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How to Set Up a Boa Constrictor Enclosure

How to Set Up a Boa Constrictor Enclosure

Are you getting a pet boa constrictor? Boa constrictors can make great pets. However, as exotic animals, it’s important that they have an enclosure built to more or less replicate the conditions of their natural habitat. Otherwise, they can’t survive.

If you haven’t read our article “How to Care for Your Boa Constrictor” yet, start there. Once you’ve read that and have a basic understanding of what your new pet needs from its environment, you’re ready to start setting up your boa constrictor enclosure. 

Always set up a reptile enclosure well before you actually have the animal! This gives you more time to save up for the supplies you need, which in turn benefits your pet because you’re less likely to take shortcuts that may decrease its quality of care.

Step 1: Pick the Right Enclosure

Boa constrictors are highly variable in size depending on species and locality. Females also can grow significantly larger than males. Boa constrictor constrictor generally grows 7-10’ long, while  Boa imperator generally grows between 5-7’. The expected size for your particular snake is going to affect how large of an enclosure you will need. For a 10’ long snake, you will need a 10’ long enclosure with at least 4’ of width and 6’ of height. For a 7’ long snake, you will need a 7’ long enclosure with at least 4’ of width and 4’ of height.

But for at least the first 2-3 years, you should be able to feasibly house your boa in something smaller while you prepare its long-term home. 48”L x 24”W x 24”H usually makes for a good grow-out size.

The enclosure can be made of wood, PVC, or plastic, but it should be front-opening, and there should be adequate ventilation, whether in the form of side vents or a mesh top. One benefit of using an enclosure with a mesh top is that it makes it easier to install heat and UVB lamps, while also protecting your snake from coming into direct contact and potentially burning itself.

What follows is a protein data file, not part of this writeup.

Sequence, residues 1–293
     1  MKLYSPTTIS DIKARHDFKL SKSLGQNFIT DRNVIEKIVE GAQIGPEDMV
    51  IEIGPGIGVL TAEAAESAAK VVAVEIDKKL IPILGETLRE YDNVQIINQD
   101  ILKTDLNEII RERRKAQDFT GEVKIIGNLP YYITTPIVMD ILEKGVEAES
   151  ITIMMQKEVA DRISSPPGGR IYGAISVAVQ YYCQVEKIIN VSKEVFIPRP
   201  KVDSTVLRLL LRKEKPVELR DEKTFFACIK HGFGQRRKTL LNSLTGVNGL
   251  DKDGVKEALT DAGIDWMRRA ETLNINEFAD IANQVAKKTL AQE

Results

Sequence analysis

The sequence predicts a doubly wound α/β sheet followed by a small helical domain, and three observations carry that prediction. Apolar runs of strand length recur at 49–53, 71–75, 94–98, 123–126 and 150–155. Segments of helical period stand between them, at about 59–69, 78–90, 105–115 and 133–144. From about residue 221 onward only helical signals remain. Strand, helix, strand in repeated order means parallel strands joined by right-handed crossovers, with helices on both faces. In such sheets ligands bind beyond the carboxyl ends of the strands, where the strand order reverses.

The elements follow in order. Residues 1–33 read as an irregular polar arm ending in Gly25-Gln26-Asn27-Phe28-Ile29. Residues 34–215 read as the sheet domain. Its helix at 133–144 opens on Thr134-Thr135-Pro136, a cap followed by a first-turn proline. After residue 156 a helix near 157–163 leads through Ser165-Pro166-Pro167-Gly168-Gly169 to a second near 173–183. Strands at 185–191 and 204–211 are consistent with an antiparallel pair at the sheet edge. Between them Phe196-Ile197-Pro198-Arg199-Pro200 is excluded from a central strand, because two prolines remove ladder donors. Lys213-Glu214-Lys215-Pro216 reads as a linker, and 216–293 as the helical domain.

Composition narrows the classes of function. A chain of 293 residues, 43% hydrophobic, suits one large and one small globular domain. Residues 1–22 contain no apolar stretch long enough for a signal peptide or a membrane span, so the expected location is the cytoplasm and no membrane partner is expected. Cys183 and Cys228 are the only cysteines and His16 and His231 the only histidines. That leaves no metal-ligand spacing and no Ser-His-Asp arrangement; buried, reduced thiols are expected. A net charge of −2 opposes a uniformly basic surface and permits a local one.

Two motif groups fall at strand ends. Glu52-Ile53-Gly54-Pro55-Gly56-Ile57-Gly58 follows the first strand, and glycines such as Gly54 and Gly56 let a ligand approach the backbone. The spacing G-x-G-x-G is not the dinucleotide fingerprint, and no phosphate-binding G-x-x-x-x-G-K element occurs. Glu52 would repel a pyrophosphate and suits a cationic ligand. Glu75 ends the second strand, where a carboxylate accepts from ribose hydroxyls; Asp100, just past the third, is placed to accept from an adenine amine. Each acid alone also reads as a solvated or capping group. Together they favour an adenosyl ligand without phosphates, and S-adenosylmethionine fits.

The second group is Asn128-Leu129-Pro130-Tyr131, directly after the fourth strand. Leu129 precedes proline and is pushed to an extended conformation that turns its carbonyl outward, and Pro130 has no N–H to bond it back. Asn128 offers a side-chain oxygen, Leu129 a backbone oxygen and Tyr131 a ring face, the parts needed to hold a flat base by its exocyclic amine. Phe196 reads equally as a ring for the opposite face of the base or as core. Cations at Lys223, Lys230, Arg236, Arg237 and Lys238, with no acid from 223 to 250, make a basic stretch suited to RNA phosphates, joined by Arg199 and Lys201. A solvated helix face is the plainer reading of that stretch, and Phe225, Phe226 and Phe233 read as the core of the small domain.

If the enclosure doesn’t have opaque sides, you will need to cover them with some kind of opaque material to help your pet feel more secure in its environment. This can be as simple as construction paper or picture backdrop, or as elaborate as a 3D background. 

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Step 2: Set Up Lighting and Heating

boa constrictor lighting map

For a boa constrictor, you will need the following equipment to meet your pet’s light and heat needs:

  • Heat lamps (at least 2)
  • UVB lamp
  • Heat mat
  • On/off thermostat

The two heat lamps should be placed directly next to each other on the far right or left of the enclosure. The UVB lamp should be placed on the same end, very close to the heat lamps so the beams of light overlap. All lamps should be arranged on the enclosure’s mesh top. 

If the enclosure you are using does not have a mesh top, the lamps will need to be mounted inside. This requires manually installing ceramic sockets and wire caging for the heat bulbs to protect your boa from contact burns. The UVB lamp can be installed with fluorescent fixture mounting brackets or zip ties.